How Much Do Chemical Bans Really Cost?

Yesterday ECHA produced a report entitled “Estimating the abatement costs of hazardous chemicals. A review of the results of six case studies”.

The report looks at how to work out the cost of the substitution of hazardous chemicals.

The costs of substituting one chemical for another are a key issue in REACH. It is not new to EU product regulation. Working out the financial merits, or the lack of them, for phasing out the use of a chemical has been a fact of life for years under the RoHS Directive.

Is there a Perfect Model?

This report looks at whether there is a perfect model to use in working out these costs and savings. The answer is no.

The main conclusion of the report is that it is not straight forward and there is no simple method for working out the costs or the relative benefits/losses or the lack of them.

The study looks to estimate the cost of abatement for:

  • Nonylphenol (NP) and nonylphenolethoxylates (NPE) used primarily as surfactants in the textile sector;
  • Four phthalates (DEHP, DBP, BBP and DIBP) used as plasticisers in a wide range of processes and products;
  • 1,4 dichlorobenzene (DCB) used in air fresheners and toilet blocks;
  • Lead used for pellets in shotgun cartridges;
  • HBCDD, a brominated flame retardant used in polystyrene insulation material;
  • MDA for various uses, including polyimides and as a hardener in resins and adhesives


The aim of the work was to improve the capability in assessing the costs of producing the use, permissions or exposure of hazardous substances, to explore and develop some of the theoretical and methodological aspects specific to hazardous chemicals, and to understand what barriers there might be too useful estimation.

The authors of the report acknowledge from the beginning that the cost estimates are “subject to significant uncertainty”.  The need to do guestimates is touched on in the report. The reasons vary. Sometimes the producers have wanted to keep the information confidential. In other instances, the costs of switching from one substance to another have been overestimated, but in others under estimated.

There is a basic challenge of working out what the cost benefits in the “case of the use of hazardous substances the bad will generally be negative impacts on human health and the environment.”  The report notes the cost benefits of not using hazardous substances in reduced waste treatment and emission control costs is often not accounted for.

There appears to be a simple complexity to working out the costs for substituting hazardous chemical substances. The report notes that in some cases the higher costs never materialized.

Simplicity v Complexity

And, a simple cost comparison between and existing substance and a replacement does not provide an accurate measure of the real cost of substitution.  Just because one substance is cheaper than another can often fail to take into account reduced emission controls and waste treatment costs of the replacement.

There is an interesting debate about how to take into account replacing “sunk capital costs” when using a new substance. As the costs of the old capital are cost, some are of the view is that those costs of replacement should be excluded. The old machinery is a sunk cost and its only value is the value of being sold on or scrap. Others think that some account should be taken.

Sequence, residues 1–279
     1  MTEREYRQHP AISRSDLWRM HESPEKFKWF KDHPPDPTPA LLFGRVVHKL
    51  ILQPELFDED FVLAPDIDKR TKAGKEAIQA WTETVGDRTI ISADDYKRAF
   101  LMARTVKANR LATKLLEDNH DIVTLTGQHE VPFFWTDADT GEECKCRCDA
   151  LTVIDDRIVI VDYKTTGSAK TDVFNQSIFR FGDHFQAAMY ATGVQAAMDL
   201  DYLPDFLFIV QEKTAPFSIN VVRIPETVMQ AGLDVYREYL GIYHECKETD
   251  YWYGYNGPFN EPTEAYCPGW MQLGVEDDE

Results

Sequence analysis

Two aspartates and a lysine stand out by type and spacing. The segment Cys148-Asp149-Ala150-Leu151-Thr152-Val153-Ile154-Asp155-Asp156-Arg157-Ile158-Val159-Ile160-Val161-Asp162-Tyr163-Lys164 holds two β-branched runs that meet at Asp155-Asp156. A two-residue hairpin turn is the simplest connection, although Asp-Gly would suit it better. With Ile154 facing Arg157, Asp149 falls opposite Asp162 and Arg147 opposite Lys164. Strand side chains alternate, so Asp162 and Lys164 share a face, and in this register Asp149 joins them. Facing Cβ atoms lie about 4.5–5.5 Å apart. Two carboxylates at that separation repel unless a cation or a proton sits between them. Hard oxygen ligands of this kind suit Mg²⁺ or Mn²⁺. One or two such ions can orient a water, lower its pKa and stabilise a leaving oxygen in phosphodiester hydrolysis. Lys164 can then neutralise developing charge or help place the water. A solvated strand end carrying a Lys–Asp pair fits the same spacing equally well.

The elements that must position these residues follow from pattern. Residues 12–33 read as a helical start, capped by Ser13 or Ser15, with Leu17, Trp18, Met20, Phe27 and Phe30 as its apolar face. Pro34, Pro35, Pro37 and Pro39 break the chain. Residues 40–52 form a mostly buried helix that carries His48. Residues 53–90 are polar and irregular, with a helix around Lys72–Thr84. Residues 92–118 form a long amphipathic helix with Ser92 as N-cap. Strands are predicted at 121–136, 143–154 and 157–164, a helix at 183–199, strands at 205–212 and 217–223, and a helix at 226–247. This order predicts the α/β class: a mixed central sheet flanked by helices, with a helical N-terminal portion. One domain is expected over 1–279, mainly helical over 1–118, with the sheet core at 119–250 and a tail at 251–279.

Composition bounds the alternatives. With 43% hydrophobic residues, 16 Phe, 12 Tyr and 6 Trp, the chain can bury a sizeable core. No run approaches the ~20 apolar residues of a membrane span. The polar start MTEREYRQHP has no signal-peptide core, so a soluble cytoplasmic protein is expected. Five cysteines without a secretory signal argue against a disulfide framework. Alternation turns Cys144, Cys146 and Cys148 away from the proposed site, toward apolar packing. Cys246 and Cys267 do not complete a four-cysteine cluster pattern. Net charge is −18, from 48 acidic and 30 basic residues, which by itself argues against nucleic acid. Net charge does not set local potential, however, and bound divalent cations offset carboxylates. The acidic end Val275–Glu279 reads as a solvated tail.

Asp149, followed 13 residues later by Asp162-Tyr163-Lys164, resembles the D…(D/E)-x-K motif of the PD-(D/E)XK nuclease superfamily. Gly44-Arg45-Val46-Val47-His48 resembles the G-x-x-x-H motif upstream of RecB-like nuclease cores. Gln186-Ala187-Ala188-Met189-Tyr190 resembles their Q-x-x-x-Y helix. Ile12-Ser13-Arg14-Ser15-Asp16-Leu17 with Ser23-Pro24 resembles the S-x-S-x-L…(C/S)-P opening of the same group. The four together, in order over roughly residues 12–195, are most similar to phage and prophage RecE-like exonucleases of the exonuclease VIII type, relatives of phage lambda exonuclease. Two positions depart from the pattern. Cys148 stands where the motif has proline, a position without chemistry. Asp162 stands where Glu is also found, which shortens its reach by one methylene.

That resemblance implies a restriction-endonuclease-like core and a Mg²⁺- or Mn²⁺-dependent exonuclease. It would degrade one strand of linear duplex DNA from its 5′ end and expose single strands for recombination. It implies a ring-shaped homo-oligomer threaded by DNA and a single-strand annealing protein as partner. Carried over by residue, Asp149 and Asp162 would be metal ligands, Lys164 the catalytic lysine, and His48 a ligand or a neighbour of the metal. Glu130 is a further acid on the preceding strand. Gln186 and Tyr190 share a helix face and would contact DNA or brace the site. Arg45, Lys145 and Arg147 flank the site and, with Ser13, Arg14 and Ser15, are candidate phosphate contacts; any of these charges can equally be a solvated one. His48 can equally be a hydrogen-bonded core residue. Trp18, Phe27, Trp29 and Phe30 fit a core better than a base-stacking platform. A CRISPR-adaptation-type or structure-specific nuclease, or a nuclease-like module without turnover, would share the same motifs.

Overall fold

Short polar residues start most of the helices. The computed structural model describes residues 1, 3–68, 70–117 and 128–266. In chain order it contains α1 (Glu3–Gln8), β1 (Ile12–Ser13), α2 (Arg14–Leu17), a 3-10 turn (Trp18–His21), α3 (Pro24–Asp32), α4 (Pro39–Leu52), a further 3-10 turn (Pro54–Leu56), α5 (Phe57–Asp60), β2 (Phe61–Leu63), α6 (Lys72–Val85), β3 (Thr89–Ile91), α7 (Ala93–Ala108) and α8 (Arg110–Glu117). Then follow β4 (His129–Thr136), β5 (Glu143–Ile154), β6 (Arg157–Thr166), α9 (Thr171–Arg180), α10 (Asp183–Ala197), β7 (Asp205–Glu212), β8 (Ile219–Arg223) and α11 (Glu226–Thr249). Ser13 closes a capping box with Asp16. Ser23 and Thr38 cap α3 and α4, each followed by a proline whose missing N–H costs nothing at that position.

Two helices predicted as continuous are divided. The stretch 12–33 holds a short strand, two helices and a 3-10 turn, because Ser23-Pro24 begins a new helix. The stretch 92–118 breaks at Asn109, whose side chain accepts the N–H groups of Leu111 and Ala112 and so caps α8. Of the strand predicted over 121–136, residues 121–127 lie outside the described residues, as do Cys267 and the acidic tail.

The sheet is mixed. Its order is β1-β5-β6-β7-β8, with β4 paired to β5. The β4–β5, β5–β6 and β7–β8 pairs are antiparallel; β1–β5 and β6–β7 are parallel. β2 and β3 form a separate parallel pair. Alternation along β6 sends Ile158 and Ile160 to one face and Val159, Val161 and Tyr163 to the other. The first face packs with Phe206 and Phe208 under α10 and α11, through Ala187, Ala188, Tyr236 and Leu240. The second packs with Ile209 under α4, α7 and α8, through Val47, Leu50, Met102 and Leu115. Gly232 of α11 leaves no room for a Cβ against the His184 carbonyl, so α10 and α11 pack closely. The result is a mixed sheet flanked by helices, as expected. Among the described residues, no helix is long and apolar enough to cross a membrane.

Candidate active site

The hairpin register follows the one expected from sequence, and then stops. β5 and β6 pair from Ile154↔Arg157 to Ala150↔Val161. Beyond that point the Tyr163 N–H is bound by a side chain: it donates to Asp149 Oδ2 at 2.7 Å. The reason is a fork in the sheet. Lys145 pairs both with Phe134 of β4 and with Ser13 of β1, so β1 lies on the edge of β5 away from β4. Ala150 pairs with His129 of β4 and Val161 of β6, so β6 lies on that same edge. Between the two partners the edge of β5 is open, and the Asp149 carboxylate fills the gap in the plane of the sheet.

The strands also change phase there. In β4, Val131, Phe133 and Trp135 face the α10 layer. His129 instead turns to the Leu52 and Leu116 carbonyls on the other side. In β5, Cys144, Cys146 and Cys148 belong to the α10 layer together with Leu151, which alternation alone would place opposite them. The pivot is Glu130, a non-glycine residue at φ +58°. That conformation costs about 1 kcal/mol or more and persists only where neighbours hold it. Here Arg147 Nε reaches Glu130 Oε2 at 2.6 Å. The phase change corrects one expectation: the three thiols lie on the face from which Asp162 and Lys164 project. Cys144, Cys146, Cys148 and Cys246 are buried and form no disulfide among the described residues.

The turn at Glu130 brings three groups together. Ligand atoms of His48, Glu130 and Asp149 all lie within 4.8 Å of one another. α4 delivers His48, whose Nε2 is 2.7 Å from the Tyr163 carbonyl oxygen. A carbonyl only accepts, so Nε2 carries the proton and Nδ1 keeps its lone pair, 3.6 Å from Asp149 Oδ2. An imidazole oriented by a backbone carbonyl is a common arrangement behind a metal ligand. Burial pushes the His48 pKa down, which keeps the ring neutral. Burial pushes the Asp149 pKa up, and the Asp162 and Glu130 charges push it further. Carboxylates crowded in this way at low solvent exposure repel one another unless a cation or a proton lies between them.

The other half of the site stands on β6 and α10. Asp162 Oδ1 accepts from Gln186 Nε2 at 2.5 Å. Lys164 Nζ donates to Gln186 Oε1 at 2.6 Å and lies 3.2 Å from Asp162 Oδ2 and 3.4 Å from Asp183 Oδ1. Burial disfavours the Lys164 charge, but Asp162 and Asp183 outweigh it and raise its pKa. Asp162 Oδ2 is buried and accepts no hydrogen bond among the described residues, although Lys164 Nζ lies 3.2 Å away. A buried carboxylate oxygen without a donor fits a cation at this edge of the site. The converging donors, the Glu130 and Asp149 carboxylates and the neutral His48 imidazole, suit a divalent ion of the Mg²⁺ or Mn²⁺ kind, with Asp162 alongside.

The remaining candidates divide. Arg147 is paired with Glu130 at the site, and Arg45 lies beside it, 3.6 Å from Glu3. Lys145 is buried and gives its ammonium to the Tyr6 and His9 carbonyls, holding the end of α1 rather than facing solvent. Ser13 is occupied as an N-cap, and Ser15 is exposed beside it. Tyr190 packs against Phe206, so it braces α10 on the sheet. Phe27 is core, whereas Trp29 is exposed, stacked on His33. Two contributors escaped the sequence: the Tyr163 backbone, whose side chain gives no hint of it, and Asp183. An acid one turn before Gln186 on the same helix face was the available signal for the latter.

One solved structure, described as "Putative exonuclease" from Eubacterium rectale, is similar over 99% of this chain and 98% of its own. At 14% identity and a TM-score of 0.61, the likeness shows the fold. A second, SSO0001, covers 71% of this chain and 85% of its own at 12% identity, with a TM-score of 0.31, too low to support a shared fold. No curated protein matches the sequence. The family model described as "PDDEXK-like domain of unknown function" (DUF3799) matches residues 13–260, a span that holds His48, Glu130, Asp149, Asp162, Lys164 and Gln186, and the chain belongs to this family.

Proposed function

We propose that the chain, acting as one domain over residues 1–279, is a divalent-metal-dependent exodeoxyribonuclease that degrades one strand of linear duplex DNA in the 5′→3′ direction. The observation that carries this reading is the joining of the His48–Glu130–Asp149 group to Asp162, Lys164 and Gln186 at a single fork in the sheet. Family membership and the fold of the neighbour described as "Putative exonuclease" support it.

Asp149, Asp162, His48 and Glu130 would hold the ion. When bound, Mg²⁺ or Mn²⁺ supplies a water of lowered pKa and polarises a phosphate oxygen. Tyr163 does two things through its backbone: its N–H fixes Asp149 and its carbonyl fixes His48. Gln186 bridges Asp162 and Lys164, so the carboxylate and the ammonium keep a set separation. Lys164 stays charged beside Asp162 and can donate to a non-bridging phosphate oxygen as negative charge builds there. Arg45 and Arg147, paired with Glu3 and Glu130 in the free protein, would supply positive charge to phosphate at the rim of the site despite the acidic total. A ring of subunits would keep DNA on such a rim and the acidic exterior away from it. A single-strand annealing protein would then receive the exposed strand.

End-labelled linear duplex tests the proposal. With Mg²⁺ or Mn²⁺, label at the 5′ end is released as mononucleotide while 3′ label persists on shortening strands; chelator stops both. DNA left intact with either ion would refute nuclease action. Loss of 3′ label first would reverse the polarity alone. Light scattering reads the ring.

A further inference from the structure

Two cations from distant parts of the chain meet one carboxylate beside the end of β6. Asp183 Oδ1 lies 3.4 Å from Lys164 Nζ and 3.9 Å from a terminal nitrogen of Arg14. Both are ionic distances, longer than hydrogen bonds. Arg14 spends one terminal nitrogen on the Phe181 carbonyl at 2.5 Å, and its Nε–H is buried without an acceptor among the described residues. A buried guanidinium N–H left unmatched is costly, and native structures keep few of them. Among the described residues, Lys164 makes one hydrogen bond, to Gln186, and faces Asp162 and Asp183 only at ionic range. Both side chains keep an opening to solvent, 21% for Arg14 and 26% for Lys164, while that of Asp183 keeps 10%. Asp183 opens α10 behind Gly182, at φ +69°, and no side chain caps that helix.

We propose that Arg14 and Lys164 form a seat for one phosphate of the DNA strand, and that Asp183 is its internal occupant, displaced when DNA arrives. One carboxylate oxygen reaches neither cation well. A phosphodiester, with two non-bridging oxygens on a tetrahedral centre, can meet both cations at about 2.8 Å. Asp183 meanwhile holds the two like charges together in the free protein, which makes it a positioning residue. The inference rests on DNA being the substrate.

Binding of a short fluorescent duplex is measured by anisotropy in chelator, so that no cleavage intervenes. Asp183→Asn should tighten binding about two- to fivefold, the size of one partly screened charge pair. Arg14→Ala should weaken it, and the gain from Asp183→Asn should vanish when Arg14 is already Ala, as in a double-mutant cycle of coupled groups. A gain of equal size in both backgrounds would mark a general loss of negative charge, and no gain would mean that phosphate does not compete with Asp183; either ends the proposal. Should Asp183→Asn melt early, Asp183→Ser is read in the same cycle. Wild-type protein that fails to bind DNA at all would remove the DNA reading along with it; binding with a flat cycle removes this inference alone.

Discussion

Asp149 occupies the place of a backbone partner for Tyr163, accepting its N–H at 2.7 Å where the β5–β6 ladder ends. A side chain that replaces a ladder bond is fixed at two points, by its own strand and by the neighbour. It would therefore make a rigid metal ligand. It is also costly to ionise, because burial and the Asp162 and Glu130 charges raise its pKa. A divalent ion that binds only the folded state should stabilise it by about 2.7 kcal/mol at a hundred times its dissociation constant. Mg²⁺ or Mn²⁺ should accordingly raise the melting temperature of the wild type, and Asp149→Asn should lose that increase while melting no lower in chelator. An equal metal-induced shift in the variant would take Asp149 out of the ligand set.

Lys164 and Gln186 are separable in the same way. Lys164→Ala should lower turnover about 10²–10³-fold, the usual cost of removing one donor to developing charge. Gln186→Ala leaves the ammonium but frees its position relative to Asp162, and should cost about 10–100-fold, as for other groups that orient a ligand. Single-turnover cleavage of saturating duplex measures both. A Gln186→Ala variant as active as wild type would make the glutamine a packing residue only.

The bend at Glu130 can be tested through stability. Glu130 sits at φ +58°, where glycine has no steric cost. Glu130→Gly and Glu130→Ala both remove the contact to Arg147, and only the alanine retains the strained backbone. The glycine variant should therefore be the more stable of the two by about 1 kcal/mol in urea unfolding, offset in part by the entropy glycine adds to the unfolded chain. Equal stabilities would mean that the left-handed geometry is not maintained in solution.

Interestingly, the report is not categorical on whether substituting substances leads to overall higher prices. Sometimes reducing the use of a substance might actually generate savings because the alternatives are cheap.

No Simple Answer

Working out the costs of benefits for substituting is not as clear cut as it is other areas like air pollution. The report concludes:

That complexity, especially compared with ‘more traditional’ abatement costing relating to, e.g., air pollution, is often related to the fact that hazardous substances, as well as potentially having negative impacts on human health and/or the environment, have quite particular functions which are the source of their value and the reasons why they are used in the first place. Abatement options, including substitution to alternative substances or technologies, often impair this functionality, which in turn implies reductions in value…

The challenge in estimating abatement costs in these circumstances is to account for these impacts on value and the costs of any mitigating actions which might be adopted as a response. This is a challenge because the value of the specific function in question is generally not observable in the prices of products and the costs of processes (which are essentially bundles of input characteristics each with their own value or cost). Differences in price between alternatives are an inaccurate measure in these situations since the price of a substance is only one input into the total cost of the process, and using a ‘cheaper’ alternative might involve incurring costs in other ways. Hence, the cost of reductions in value complementary inputs and/or mitigating actions associated with using alternatives are difficult to observe, measure and estimate, but knowledge of each is necessary to estimate abatement costs accurately” (p.13-14).

The report is a fair and objective look at the issue. There is no silver bullet and it is complex. But, just because it is complex does not mean the information is not useful.

Aaron McLoughlin